As an automotive enthusiast, I've always loved the concept of "sleepers" - cars that don't look like much on the outside but boast a much more powerful surprise under the hood, unknown to on-lookers. This was the main idea behind Project Stalker.
My grand father gave me two old computers that used to belong to a friend of his who unfortunately just passed away a few months ago. One was an Acer laptop, about 4-5 years old, which I cleaned up, wiped and sold to someone who needed it. The other was a 9 year old HP Pavilion desktop PC that had some kind of hardware problem, so it couldn't really be sold or used for anything. I really liked the styling and internal layout of the case and started thinking...
I had some parts left over from two previous builds which could be combined to create a relatively small yet powerful gaming PC inside this old HP case. So I gutted out the old AMD Athlon x2 4400+ and associated hardware, except for the Hitachi 400GB 7200rpm HDD which happened to be a SATA drive and still in good condition. Started laying out all the new (spare) parts inside and sorting out the cable routing. Everything fit just fine and I found there's actually a surprising amount of space in this little chassis. Once I knew where everything was going to go, I pulled it all out again. Why? To do some custom fabrication/modifications and to do something about all the hideous bare metal on the inside.
The case is fairly small and I wanted this to be easily portable so I came up with a way to cut and bend a handle into the top of the chassis that would be comfortable and not cut my hand, yet also not ruin the clean aesthetics of the case. I made 3 cuts and curled the piece under so as to create a "grip" for my fingers. Even with the full weight of all components installed, it's quite easy to hold and there's almost no flex to the frame. I'll give HP one thing - they sure built a sturdy chassis for this model. The other modification involved cutting an opening to mount the fan and rad for the H55 AIO cooler in the front. There was no fan mount in the front to begin with, so I traced out where the fan would need to sit, cut out an opening and drilled some holes for the mounting screws.
Next, it was time to paint. Picked up some automotive trim paint in satin black finish which, as you can see in the pics, made for a much better/cleaner looking system compared to the bare metal. If you have a cheaper case with a bare metal interior and you're looking for a really cheap way to improve the look of your system, this is what you need to do! lol. ;-)
Once the paint dried I began the careful re-assembly process. Took my time with the cable routing - several hours at least. With the odd layout of this case, I didn't just want cables and wires running loose all over and because it's meant to be portable, I wanted everything to be secure. Wires getting caught in fans = bad. :P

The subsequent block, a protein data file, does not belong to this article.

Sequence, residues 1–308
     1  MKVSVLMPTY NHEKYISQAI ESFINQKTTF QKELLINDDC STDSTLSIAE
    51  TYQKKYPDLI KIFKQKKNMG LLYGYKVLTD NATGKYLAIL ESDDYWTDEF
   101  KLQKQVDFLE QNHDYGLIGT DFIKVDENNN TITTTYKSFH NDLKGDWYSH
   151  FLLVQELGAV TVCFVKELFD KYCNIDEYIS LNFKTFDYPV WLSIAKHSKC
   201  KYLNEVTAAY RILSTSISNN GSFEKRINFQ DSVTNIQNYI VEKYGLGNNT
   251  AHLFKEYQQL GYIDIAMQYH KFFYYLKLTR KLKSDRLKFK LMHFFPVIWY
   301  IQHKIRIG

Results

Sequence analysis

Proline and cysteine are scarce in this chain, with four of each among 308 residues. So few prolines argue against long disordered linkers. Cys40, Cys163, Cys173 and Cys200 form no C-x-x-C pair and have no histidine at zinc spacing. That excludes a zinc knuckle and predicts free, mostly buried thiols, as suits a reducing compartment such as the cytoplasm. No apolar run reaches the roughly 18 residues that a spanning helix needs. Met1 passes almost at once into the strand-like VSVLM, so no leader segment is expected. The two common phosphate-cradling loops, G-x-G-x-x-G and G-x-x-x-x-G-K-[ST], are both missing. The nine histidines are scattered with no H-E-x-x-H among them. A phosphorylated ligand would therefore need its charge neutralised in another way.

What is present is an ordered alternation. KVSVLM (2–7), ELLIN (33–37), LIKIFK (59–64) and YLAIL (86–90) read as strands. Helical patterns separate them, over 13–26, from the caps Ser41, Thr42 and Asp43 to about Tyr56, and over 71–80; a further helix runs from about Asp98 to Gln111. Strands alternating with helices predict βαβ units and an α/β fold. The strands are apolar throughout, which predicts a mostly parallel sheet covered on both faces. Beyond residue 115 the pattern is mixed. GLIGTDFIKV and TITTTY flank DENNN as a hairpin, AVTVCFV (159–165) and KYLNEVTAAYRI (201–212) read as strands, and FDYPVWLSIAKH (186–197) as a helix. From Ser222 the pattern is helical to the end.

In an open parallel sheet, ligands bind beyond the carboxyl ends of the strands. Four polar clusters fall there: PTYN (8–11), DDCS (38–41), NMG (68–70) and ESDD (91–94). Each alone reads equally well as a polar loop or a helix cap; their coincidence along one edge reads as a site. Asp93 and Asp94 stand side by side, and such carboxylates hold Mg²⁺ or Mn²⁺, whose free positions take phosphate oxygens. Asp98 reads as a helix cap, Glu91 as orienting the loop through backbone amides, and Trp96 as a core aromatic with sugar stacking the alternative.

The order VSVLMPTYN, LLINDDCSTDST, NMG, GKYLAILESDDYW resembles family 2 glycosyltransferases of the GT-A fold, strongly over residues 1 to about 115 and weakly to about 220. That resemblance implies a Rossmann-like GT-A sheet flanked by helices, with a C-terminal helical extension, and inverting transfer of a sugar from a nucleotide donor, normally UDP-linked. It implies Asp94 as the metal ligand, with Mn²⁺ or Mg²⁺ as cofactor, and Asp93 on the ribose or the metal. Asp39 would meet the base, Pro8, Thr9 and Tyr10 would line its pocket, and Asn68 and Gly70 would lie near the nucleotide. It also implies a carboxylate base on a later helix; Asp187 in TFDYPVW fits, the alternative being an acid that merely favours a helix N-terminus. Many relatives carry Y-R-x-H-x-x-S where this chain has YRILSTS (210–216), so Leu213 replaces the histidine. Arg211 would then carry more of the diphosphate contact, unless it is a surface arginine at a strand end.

After the final assembly, I removed all the ugly factory stickers from the outside except the "powered by nvidia" sticker on the front - that one still applies and actually looks nice. ;-)
Only part that was missing and I needed to purchase was the processor (and an internal USB extension cable). Since this wasn't going to be my primary gaming rig and is going to be running Linux, I didn't need anything crazy. An i5 would be overkill and way too expensive (Canadian prices suck). An i3 would be ideal but was more money than I wanted to spend (I know, I know it costs me almost nothing thus far...lol). The Pentium G3258 Anniversary Edition - now that little sucker is a processor I've been wanting to play with since it was first announced. In Tom's Hardware review of the 3258, they put it up against the similarly priced Athlon X4 750K, in which the Pentium trounced the Athlon in nearly every gaming benchmark, stock and overclocked. For the games I'll be running on this machine, the Pentium will be more than enough. I'm very curious to see what kind of overclock I can get on this modest H87 4-phase motherboard. I first have to revert it to an older BIOS version to allow overclocking, but once I've done that, I'll edit this and share the results. :-)
All in all, I think this build turned out really well. I love the way it looks, inside and out and I'm very proud of it as this was my first "custom" build. Currently running Ubuntu Gnome 15.04 and am still installing/setting things up, so I haven't had a chance to really test it out yet. Though I did run Day of Defeat: Source for a few minutes just to see how it runs maxed at 1080p... 250-300fps and butter-smooth! :D
Update: Stole the H55 CPU cooler to cool the R9 290 in my Ghost build. Will be adding an aftermarket CPU air cooler to this build, just have to figure out which one to use... Using the stock Intel cooler for now.
Update: Updated the BIOS on the motherboard and now have the G3258 running at 3.8GHz. :D Wanted to hit 4.0, but that's asking too much of this motherboard, unfortunately. It's voltage locked and so anything above 3.8 just results in the system freezing up. On the stock Intel heat sink, temps leveled off at 67-69 degrees max running P95 for 15 mins. Good enough for now, but will eventually install something better.
Thanks for looking. Cheers,